Continuing my look ahead to the new season with a focus on the younger members of the professional circuit...
I’d back Mark Allen to kick on from his fine end to last season, when he beat Ronnie O’Sullivan en route to the Betfred.com World Championship semi-finals.
Allen has always been a great talent bestowed with considerable self belief. His confidence will be at an all time high right now – as he proved by winning the Jiangsu Classic in June – and he could well lift more silverware in the next year.
His downfall in the past has been keeping his frustration at bay, but there were few signs of self implosion at the Crucible and Allen must surely be one to follow this season.
Judd Trump has been thrown into the lion’s den of the Premier League, which will be a great experience for him playing live on television against some of the biggest names of the sport.
Trump’s chief problem thus far in his career has been reproducing the excellent form he’s shown at the qualifiers at the main venues.
Time is on a side – he’s still a teenager – but those who love to carp from the sidelines will soon be on his back if he doesn’t continue his upward progress this season.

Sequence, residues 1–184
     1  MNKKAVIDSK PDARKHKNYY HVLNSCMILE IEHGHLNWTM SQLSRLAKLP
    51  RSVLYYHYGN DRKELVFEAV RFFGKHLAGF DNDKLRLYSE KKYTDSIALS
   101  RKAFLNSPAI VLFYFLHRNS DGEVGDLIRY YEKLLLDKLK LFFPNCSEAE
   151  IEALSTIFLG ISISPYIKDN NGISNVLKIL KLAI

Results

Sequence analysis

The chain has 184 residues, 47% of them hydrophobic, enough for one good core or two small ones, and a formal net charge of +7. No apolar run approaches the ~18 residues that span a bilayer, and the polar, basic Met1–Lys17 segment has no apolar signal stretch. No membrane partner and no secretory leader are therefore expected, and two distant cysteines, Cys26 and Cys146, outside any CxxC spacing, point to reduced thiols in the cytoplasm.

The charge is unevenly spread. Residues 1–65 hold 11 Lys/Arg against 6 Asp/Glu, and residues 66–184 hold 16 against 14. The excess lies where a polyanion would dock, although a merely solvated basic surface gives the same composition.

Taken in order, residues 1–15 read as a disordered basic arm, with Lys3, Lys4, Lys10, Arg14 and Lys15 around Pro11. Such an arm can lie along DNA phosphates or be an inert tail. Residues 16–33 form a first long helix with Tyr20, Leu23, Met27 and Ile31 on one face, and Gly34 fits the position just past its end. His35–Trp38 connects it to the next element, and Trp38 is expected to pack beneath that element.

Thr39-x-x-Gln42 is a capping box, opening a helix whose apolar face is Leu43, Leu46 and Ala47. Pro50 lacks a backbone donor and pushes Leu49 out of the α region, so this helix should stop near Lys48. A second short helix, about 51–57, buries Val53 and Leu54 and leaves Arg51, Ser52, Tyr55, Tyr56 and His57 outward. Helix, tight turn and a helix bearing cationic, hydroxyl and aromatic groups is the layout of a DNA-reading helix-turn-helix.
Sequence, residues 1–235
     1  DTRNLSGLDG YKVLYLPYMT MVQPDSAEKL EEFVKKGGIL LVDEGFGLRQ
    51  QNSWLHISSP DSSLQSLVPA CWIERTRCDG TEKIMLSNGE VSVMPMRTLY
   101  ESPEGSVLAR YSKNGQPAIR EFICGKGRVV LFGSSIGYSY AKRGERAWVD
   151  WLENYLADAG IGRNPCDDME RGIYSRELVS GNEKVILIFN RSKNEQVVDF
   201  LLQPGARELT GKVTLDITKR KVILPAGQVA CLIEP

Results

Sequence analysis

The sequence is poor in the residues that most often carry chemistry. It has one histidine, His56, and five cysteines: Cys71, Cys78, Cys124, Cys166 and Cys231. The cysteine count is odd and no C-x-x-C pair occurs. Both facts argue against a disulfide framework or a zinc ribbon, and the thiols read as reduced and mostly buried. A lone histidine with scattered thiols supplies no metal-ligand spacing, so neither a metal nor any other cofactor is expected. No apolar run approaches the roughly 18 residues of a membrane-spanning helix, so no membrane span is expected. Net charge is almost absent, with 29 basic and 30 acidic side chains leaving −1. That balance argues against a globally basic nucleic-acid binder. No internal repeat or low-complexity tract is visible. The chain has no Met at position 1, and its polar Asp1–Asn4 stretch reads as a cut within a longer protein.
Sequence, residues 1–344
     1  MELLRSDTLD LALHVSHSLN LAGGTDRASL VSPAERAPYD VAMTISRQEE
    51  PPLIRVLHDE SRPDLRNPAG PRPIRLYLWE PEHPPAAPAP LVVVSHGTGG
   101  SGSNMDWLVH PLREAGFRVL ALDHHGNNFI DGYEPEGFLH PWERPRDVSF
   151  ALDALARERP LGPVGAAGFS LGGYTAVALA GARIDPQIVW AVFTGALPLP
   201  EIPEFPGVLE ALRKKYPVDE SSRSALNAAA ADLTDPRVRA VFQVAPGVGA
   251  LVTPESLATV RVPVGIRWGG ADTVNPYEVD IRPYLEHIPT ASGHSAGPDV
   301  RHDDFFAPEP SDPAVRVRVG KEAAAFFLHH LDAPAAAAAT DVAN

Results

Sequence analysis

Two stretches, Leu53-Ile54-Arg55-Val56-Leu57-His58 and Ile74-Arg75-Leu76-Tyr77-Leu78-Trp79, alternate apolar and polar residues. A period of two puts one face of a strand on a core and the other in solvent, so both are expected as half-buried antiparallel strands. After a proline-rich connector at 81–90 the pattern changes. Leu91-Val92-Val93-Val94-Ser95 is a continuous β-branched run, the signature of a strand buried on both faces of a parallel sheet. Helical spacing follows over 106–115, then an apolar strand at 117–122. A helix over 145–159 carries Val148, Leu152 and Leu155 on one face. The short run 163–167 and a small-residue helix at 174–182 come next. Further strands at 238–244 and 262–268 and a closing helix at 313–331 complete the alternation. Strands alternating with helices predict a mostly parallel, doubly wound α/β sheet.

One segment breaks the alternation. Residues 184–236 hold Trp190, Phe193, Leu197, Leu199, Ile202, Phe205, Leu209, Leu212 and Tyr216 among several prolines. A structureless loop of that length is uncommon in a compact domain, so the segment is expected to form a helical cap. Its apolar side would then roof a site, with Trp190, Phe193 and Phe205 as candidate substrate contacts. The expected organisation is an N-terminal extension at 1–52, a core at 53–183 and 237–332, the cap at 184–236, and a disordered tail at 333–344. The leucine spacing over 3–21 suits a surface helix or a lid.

The Bristol lad is in the top 32 for the first time. His target this year must surely be a top 16 place.
Jamie Cope seems to have stalled a little since he appeared in two ranking finals during the 2006/07 campaign.
He looked a certainty for the top 16 back then but hasn’t quite made the breakthrough. Like many players of his age, Cope is a frighteningly good long potter and break-builder but is yet to develop the sort of all round game a player can fall back on when they are not firing on all cylinders.
Liang Wenbo is another good example of this. When it all works for him, he looks deadly but, when it doesn’t, he can look average.
Liang won the £50,000 first prize in the recent Beijing Challenge and has the potential to be a top 16 player but this, of course, does not mean that he will be one.
His fellow Chinese Ding Junhui feels like a veteran but is still only 22. In beating Liang at the World Championship he suggested he had finally got himself out of a worrying slump in form but could not sustain this in the second round against Stephen Hendry.
You don’t win the UK Championship at the age of 18 without being an excellent player. Ding’s problems are not with his game but his mental state. If he can sort them out he will be a winner again.
Daniel Wells won three matches 10-9 before losing another to be denied a place at the Crucible in his debut season.
Wells does mix attack and defence and this was one of the reasons he managed to carve out enough results to keep his place on the tour.
David Morris is yet to set the world alight but has crept up to 58th in the rankings and has the ability to go further but needs a breakthrough – a good run in a big event.
Snooker needs its young players to be doing well. Sports need to renew themselves with fresh faces to avoid the accusation they have stagnated.
For this reason, I wish the circuit’s young guns all the best for the coming season.